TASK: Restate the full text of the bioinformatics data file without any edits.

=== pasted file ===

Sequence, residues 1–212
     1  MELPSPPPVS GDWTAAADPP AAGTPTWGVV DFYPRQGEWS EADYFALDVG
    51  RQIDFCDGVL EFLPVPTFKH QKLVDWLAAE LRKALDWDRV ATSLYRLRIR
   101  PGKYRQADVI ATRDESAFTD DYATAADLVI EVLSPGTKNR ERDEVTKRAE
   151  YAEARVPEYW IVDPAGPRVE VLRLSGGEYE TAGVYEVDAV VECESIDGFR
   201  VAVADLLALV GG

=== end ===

Sequence, residues 1–212
     1  MELPSPPPVS GDWTAAADPP AAGTPTWGVV DFYPRQGEWS EADYFALDVG
    51  RQIDFCDGVL EFLPVPTFKH QKLVDWLAAE LRKALDWDRV ATSLYRLRIR
   101  PGKYRQADVI ATRDESAFTD DYATAADLVI EVLSPGTKNR ERDEVTKRAE
   151  YAEARVPEYW IVDPAGPRVE VLRLSGGEYE TAGVYEVDAV VECESIDGFR
   201  VAVADLLALV GG